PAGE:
5. Let’s let all the organised criminals out.
So Bane announces to the world’s media that the law passed after the heroic death of Harvey Dent was a travesty. Dent was a murderer, not a hero. So therefore the law passed in his name – that presumably you can lock up organised criminals without trial on masse (this is rather confused, but anyway) – should be overturned. “Yayyy,” apparently the terrified people of Gotham think, “ that’s what we want. Dent was a bastard. Let’s show how cross we are by letting every violent criminal out onto the streets.” Nobody attempts to stop Bane doing anything which rather suggests Gotham are on his side. I mean even The Joker had to strap a load of grenades to his chest to stop himself getting shot. What does Bane do? Zip up his fleecy collar?

6. Doesn’t this prove the Joker’s point?
And on the subject of Heath Tax-Ledger. In The Dark Knight, The Joker attempts to prove that the only sensible response to the madness of the world is craziness. That, when pushed, folk will turn on each other, destroy each other and save themselves. Politeness, manners, charity, altruism and civilisation are a joke.  However the good people of Gotham prove him wrong by not killing each other on the boats. Civilisation wins. Until 8 crime-free years later. When, given half the chance, the entire city decides to Occupy itself, smash the state, turn on each other, execute its wealthy and run rioting in the streets like mentalists in the face of a bit of Bane’s woop-wooping.

7. Bane’s voice
I can’t decide who Bane sounds like. Some folk have said Scooby Doo, but that isn’t quite it. A British upper-class Darth Vadar perhaps. I don’t know. Anyway, a lot of the time it’s unintelligible, and when you can hear it, it’s silly.

8. Being strong isn’t much of a “villain” thing.
Last 2 issues. And these are the clinchers.
In Batman Begins, the villains were a huge powerful team of black-arts Ninja killers with weapons (The League Of Shadows) plus a crazy Dr scientist type with poison gas that sent the world mental. Okay, happy with that.
In The Dark Knight, the villain was The Joker. A mysterious, elusive, insane sadomasochistic terrorist with access to bombs and an agenda to “watch the world burn.”
Bane is a wrestler. That’s it. A strong man. He’s just a big strong man. Since fucking when has the size of your biceps had ANY FUCKING THING to do with how dangerous a criminal you are? What is this, the middle fucking ages? He’s just a mumbly man. “Oh he’s really strong.” Really? Then fucking shoot him in the knee, you twunts. This fist fighting nonsense. Batman is finally defeated by a big man stronger than him? He was never meant to be the strongest man in the world. He’s meant to be powerful and a brilliant detective (note: Batman doesn’t really do any detecting in this movie, but he doesn’t really in any of them so that’s okay). Oi Bruce, you know that Tank you own? And the fact the city has been taken over by a man in a sheepskin jacket? Why not RUN HIM OVER IN YOUR FUCKING TANK during his fucking press conference?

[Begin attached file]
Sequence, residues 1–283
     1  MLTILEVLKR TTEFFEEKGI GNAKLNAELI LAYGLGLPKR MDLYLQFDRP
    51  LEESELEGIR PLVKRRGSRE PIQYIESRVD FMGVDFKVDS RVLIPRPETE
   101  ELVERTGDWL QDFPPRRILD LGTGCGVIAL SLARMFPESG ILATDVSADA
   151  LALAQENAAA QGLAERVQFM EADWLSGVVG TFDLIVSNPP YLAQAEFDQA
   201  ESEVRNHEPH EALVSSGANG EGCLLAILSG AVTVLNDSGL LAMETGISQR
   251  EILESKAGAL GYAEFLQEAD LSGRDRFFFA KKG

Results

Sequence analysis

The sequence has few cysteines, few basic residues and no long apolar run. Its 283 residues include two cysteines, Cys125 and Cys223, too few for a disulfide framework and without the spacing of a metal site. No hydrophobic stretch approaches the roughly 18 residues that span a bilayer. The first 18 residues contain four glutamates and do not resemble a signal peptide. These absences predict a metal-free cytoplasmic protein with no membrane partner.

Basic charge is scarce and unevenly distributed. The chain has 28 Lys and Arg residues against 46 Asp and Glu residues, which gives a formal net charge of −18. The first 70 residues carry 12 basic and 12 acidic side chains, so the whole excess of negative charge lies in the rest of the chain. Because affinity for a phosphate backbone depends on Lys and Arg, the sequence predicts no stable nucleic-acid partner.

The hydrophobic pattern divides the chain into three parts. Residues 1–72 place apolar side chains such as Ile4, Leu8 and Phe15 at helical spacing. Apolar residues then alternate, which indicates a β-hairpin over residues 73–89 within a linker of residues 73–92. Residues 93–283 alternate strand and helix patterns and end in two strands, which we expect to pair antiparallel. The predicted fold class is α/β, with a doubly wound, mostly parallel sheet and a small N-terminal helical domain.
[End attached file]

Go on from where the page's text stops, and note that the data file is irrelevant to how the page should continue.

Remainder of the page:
9. Some days you just can’t get rid of a bomb
And this is the final word. (I realise, by the way, that written down, my gripes about TDKR don’t add up to a hill o’beans in this crazy world. But I didn’t like the movie and I should have so I’m trying to work out why).
The movie ends with a big round ticking bomb. It isn’t black with a sparkler in it and have ACME BOMB written on the side, but it might as well. It’s ticking and about to go off. How on earth will they get rid of it? Batman comes to the rescue and grabs the bomb and flies off with it.
This is EXACTLY what happens in Batman – The Movie (dir. William Dozier 1966) that I wanted to watch the evening I banged my finger in the door. Adam West finds a big round bomb and spends a silly three minutes running about Gotham Pier trying to get rid of it (he runs into a marching band, a group of nuns, some ducklings, each one making him change direction. Adam West’s finest comedy moment). He looks to camera and says “some days you just can’t get rid of a bomb.” And then jumps in the sea and blows up. Cue everyone thinking Batman’s dead. But he pops up, all okay. He threw it away and hid before it exploded. Ahhh, what a relief. 
46 years later its’ the same fucking scene. More expensive, more dazzling, more expansive and in glorious IMAX. But it’s the same fucking scene. In 1966 it’s a throwaway bit of slapstick. In 2012 it’s the fucking finale.
No, Christopher. No, no, no, no, no.

Anyway, that went on too bloody long didn’t it. Sorry about that. My wife liked the movie, as it appear did almost everyone else who saw it. Just me, then.

That’s it, Batfans. Tune in next week. Same Bat time...same Bat channel.
(Meanwhile, at stately Wayne Manor...)

Love to all
Rx


A few words on The Dark Knight Rises but needn't have bothered
Tuesday 14th August